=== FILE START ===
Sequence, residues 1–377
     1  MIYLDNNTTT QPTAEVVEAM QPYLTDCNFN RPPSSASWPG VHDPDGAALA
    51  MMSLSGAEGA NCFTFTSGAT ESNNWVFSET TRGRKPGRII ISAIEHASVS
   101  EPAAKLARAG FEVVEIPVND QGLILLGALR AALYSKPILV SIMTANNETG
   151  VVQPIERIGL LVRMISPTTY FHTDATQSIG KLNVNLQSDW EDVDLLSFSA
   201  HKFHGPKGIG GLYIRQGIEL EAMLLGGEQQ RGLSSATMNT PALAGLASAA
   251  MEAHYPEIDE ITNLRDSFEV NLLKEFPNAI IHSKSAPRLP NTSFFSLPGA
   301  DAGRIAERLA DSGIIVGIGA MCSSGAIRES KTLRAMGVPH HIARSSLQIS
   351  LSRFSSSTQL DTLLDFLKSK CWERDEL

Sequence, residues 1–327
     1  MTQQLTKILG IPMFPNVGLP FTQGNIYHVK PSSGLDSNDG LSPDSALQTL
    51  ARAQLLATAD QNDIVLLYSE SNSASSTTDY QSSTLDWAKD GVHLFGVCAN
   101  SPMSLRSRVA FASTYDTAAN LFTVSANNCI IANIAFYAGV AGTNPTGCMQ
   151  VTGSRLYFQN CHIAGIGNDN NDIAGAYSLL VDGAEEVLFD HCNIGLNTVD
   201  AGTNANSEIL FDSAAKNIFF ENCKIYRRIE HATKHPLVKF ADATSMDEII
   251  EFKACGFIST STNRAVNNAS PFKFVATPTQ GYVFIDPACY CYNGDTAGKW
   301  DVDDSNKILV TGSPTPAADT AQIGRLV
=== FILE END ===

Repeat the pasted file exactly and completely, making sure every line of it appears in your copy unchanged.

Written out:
Sequence, residues 1–377
     1  MIYLDNNTTT QPTAEVVEAM QPYLTDCNFN RPPSSASWPG VHDPDGAALA
    51  MMSLSGAEGA NCFTFTSGAT ESNNWVFSET TRGRKPGRII ISAIEHASVS
   101  EPAAKLARAG FEVVEIPVND QGLILLGALR AALYSKPILV SIMTANNETG
   151  VVQPIERIGL LVRMISPTTY FHTDATQSIG KLNVNLQSDW EDVDLLSFSA
   201  HKFHGPKGIG GLYIRQGIEL EAMLLGGEQQ RGLSSATMNT PALAGLASAA
   251  MEAHYPEIDE ITNLRDSFEV NLLKEFPNAI IHSKSAPRLP NTSFFSLPGA
   301  DAGRIAERLA DSGIIVGIGA MCSSGAIRES KTLRAMGVPH HIARSSLQIS
   351  LSRFSSSTQL DTLLDFLKSK CWERDEL

Sequence, residues 1–327
     1  MTQQLTKILG IPMFPNVGLP FTQGNIYHVK PSSGLDSNDG LSPDSALQTL
    51  ARAQLLATAD QNDIVLLYSE SNSASSTTDY QSSTLDWAKD GVHLFGVCAN
   101  SPMSLRSRVA FASTYDTAAN LFTVSANNCI IANIAFYAGV AGTNPTGCMQ
   151  VTGSRLYFQN CHIAGIGNDN NDIAGAYSLL VDGAEEVLFD HCNIGLNTVD
   201  AGTNANSEIL FDSAAKNIFF ENCKIYRRIE HATKHPLVKF ADATSMDEII
   251  EFKACGFIST STNRAVNNAS PFKFVATPTQ GYVFIDPACY CYNGDTAGKW
   301  DVDDSNKILV TGSPTPAADT AQIGRLV